In early December 2022 the University of Alberta Archives and Alumni Relations Events team partnered with Metro Cinema to host a screening of three recently restored and digitized silent films from the Archives’ holdings: Le charme des fleurs, Le Remplaçant and The Honor of the Law. These films have also been uploaded to and made freely available to the public through our digital audiovisual repository Aviary.
The tale of these three films is a fascinating one that helps illustrate the unique power of archives to help illuminate forgotten history. I talked with University Archivist Anna Gibson Hollow to learn more about the story behind these films.
What can you tell us about how these films came into the possession of UAlberta Archives?
They were originally part of the Faculty of Extension’s Traveling Library and were part of a larger records transfer from the Faculty of Extension. Until the opening of the Research & Collections Resource Facility (RCRF) Archives’ collection was scattered across multiple locations. Audiovisual materials were being stored in the basement of Rutherford Library, so the films were among the collections being stored there.
Until these particular film reels were brought to the RCRF, they were believed to be nitrate film, which is highly flammable. Our former Digital Archivist realized that they had been misidentified and were actually 28mm film and not a major fire risk. We knew they had to be quite old, because 28mm film stopped being made in 1920.
What was the process that your team took to identify what films were on the mystery reels?
Given that the film reels were such a rare format, it was quite a long process.
Finding a digitization company that was able to work with 28mm film meant going beyond our traditional channels. In fact, the first vendor we approached misidentified the reels as being 35mm format, but when we checked with the Provincial Archives they confirmed that they were 28mm format that had been stretched – probably from someone trying to put them through a 35mm projector.
There are few companies in North America that are able to work with 28mm film stock – fortunately we found an American company, Media Preserve. The team at Media Preserve were able to digitize and conserve the three reels. They removed dirt and rewound them. Once the films had been restored and digitized they were sent back to the Archives.
None of this would have been possible without grant money from the Government of Canada being made available to us.
Can you tell us a little bit about the historical significance of these films?
The films themselves aren’t particularly significant, there may be other copies in existence, but they play a part in the larger story of The Extension Travelling Library. The University of Alberta Library was first formed in 1913, and a film library was established in 1917. The film library purchased 150 films from a French film production and distribution company called Pathé Frères. One of the requirements when purchasing this film was that they buy a Pathé Frères 28mm projector to show the films. There’s an episode of the 1970s University produced program In Touch with U that features this projector in Aviary.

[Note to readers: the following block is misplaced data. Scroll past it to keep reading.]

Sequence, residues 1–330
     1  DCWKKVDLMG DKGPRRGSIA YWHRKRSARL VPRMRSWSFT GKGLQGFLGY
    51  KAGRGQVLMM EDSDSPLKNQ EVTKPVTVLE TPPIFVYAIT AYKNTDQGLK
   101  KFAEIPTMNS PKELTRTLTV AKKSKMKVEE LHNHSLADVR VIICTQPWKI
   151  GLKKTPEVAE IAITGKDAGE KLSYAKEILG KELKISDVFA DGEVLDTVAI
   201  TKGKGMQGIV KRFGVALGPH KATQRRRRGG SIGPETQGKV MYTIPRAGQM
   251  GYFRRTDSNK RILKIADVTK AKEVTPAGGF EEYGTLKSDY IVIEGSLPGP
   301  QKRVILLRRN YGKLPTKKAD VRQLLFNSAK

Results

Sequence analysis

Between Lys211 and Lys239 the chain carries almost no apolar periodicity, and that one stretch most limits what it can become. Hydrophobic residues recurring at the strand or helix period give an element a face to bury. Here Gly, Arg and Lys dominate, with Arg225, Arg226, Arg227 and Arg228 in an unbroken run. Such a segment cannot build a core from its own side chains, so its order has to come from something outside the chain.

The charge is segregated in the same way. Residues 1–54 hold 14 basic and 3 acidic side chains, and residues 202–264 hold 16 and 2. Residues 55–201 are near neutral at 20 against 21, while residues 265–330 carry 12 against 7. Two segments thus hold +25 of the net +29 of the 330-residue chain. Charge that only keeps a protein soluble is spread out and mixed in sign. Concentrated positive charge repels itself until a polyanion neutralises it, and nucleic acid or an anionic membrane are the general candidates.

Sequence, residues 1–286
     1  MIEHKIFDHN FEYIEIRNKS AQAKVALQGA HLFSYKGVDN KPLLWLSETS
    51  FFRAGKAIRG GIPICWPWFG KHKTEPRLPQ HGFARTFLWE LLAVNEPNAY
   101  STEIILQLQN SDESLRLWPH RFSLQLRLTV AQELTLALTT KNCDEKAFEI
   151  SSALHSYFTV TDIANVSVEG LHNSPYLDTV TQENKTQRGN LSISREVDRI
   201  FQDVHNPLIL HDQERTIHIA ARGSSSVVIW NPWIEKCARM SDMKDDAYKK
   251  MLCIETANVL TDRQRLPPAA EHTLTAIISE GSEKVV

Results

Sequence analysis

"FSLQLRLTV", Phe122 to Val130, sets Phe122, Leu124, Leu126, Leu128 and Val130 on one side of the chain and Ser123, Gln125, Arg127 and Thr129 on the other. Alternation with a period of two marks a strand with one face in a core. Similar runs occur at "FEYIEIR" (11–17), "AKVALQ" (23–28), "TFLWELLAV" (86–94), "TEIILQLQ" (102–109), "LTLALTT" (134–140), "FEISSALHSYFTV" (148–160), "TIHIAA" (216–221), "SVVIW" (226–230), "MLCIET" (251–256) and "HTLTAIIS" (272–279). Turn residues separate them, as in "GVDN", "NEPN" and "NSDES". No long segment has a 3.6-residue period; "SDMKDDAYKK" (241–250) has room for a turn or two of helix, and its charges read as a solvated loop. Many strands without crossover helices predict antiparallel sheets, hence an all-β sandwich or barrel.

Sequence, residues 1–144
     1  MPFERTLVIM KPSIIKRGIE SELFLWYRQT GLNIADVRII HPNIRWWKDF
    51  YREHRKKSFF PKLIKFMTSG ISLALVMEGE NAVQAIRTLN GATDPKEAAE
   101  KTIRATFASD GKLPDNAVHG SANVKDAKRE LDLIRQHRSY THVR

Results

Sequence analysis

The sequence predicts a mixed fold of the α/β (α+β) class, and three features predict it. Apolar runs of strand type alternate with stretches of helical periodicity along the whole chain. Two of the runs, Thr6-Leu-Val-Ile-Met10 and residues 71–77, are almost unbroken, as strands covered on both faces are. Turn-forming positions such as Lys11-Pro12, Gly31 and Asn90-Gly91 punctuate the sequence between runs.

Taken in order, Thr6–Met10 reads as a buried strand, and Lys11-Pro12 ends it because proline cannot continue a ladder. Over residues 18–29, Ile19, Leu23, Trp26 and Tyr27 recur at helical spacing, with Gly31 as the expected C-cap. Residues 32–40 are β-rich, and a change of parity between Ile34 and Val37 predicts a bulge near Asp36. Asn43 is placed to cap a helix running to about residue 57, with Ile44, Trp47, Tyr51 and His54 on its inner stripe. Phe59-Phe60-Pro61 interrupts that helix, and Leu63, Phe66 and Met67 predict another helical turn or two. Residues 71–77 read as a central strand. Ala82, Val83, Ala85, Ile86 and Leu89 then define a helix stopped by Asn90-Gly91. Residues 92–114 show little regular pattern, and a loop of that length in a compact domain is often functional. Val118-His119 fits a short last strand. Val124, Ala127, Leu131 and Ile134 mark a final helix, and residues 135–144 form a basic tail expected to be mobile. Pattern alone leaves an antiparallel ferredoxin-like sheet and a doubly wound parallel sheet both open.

The whole purpose of the travelling library was to share resources with people living in rural areas, who made up about 70% of the province’s population at the time. These three films, the projector, as well as the other films in the collection travelled throughout Alberta and entertained its citizens in the late 1910s and early 1920s.
Sadly, we don’t know where the other 147 in the Pathé Frères collection ended up, so for now these three films are all that we know of in our collection.
What kind of environmental protections do these films and other audiovisual materials enjoy by being housed at the RCRF?
The film reels are stored with the rest of our audiovisual collection in the RCRF’s cold room. It’s a room where the temperature never goes above 9.5-10 degrees Celsius and the humidity is always 36%. These conditions slow the deterioration of the film stock.
The RCRF is also a very secure facility. It is fully alarmed and all staff work spaces, including the warehouse and cold storage room have additional security features to ensure that only staff working at the facility have access to these areas.
Are there other audiovisual materials in UAlberta Archives that you would like to see go through a similar process?
Yes! We have over 1600 film reels, 4000 video materials (cassettes, Betamax etc.) and 7000 audio materials in our holdings. While we have machines that can play a small percentage of these materials, so much of our collection is in a format that we don’t have the machines to play. To make these materials accessible to researchers we really need to digitize them. Our priority would be to digitize materials we aren’t able to play and materials that are starting to deteriorate.
Is there a way folks can help the Archives Team digitize more items?
We recently set up the Archives Digitization Fund where community members can make donations to enable us to make more of our audiovisual materials, including film reels, audio tapes, vinyl, photographic materials, accessible in a digital format. The support of our donors goes a long way to help assure that the items in our holdings are properly preserved and available to all.
Those who would like to make a contribution can do so through our online donation form.
The three films highlighted in this post, along with many other audiovisual treasures are available through the library’s audiovisual repository, Aviary. Researchers interested in exploring the University of Alberta’s Archival holdings can start their search on the Archives’ Website. If you’re new to the process we have a blog post with some great tips to help you to get started.
In-person visits to the Archive are by appointment only. There is information on how to make an appointment here.